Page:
Jackie Nickerson began photographing Zimbabwean farm workers in 1996 as a way to change the perception that those who work in African agriculture are disempowered, unmodern people. The resulting series, Farm, focused on the unique and beautiful clothing the workers made for themselves, and by doing so highlighted the worker’s identity, individuality, and ultimately their modernism.
Now with Terrain, Nickerson turns her attention to the roles in which workers play in the production and commodification of agricultural goods. Agriculture is an unavoidable fact of African life: it accounts for 70% of employment on the continent, and 25% of its GDP. TERRAIN focuses on the synergy between cultivation, workers and the environment.
“The photographs still ripple with politics, particularly around the issues of food production, agribusiness and labor. It’s just that they are marked with a next-generation awareness of the pitfalls of photographing people. Where the liberal humanism of earlier social documentary used people as its “universal” currency, “Terrain” puts plants and work implements in the foreground. In this sense, you might call Ms. Nickerson’s work post-human social documentary.” Martha Schwendener, New York Times (January 24, 2014 pg. C29, Art in Review).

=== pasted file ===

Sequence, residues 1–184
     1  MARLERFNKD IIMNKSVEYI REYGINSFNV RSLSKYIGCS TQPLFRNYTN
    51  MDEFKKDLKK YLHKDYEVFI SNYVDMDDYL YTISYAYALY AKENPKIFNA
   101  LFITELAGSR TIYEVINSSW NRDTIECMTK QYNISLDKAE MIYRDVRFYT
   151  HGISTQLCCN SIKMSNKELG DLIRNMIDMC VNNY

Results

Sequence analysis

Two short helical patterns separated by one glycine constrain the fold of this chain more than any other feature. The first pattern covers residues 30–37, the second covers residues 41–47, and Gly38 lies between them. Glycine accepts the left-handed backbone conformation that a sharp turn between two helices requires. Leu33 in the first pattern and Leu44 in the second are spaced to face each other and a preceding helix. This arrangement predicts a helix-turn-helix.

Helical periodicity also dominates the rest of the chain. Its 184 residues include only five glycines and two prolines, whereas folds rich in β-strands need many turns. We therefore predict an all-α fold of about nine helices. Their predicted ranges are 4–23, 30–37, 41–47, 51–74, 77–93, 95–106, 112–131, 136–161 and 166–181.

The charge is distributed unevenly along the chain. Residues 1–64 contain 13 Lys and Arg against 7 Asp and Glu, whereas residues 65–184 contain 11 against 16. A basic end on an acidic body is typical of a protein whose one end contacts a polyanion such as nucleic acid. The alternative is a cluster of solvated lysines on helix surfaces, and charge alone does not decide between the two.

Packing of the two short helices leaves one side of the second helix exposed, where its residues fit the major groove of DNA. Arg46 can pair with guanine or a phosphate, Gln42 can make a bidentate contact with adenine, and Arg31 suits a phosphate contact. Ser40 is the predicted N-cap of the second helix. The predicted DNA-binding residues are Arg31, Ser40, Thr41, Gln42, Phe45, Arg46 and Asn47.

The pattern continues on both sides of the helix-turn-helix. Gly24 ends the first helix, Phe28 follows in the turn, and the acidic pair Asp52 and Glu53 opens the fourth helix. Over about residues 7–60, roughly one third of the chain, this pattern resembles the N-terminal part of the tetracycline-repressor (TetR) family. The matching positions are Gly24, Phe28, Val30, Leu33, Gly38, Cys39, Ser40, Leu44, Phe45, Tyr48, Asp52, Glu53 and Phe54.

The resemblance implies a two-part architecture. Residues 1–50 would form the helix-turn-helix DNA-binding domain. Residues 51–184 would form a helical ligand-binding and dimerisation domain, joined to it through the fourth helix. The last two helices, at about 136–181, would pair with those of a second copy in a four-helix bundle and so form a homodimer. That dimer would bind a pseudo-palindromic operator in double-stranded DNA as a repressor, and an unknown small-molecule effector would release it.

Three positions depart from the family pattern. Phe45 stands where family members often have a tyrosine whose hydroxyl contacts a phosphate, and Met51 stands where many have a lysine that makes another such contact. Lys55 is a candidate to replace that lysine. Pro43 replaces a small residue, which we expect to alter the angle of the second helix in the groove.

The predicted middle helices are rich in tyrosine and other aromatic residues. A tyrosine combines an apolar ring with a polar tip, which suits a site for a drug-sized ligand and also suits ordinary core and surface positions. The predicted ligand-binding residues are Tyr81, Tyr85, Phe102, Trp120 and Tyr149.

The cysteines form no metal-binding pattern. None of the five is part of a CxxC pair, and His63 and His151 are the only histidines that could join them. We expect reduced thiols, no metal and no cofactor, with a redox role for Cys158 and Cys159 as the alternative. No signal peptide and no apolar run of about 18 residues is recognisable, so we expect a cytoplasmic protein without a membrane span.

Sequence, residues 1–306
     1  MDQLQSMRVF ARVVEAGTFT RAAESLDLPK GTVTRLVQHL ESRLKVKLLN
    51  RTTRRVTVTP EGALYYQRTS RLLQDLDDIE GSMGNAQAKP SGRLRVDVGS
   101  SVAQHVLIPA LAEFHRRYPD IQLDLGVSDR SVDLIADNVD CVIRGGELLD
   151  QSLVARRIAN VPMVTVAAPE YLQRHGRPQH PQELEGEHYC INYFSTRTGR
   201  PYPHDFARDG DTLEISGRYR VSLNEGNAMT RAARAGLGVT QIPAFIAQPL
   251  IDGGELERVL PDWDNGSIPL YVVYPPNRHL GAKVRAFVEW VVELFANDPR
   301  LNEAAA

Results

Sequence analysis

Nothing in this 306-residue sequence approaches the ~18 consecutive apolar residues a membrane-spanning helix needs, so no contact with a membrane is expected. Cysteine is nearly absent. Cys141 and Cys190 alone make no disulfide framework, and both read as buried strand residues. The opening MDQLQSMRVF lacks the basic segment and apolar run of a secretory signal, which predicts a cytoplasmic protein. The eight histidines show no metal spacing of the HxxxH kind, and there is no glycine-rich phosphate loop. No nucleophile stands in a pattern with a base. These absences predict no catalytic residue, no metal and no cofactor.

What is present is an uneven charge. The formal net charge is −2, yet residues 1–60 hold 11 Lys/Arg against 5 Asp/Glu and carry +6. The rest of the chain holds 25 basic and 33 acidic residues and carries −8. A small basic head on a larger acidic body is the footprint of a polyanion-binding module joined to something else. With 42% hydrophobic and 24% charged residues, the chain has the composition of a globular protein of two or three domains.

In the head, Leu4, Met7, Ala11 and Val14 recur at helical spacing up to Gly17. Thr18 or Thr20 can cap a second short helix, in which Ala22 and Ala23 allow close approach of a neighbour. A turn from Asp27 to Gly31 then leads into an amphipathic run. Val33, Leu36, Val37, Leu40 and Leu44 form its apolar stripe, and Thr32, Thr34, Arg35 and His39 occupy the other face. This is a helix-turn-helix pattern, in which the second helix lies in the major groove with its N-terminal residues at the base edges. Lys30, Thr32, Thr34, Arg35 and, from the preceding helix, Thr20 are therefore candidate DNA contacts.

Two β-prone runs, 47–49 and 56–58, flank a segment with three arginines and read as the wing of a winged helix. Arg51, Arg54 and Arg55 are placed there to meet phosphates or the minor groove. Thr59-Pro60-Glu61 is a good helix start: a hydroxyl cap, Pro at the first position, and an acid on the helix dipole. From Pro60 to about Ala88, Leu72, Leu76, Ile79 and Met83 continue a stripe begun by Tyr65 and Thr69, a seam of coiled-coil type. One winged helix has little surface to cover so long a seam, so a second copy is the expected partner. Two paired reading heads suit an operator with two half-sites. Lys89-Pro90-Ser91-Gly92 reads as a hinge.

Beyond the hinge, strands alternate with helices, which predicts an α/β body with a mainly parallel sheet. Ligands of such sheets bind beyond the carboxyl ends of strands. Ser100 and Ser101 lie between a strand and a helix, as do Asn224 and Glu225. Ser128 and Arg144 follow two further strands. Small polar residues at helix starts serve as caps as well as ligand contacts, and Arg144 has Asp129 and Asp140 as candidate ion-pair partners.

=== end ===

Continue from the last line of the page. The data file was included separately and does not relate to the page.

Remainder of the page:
"TERRAIN is about us in the landscape, how we change the world we inhabit at every moment of our being human, and how, for better and for worse, the world that we make, in turn, changes who we are."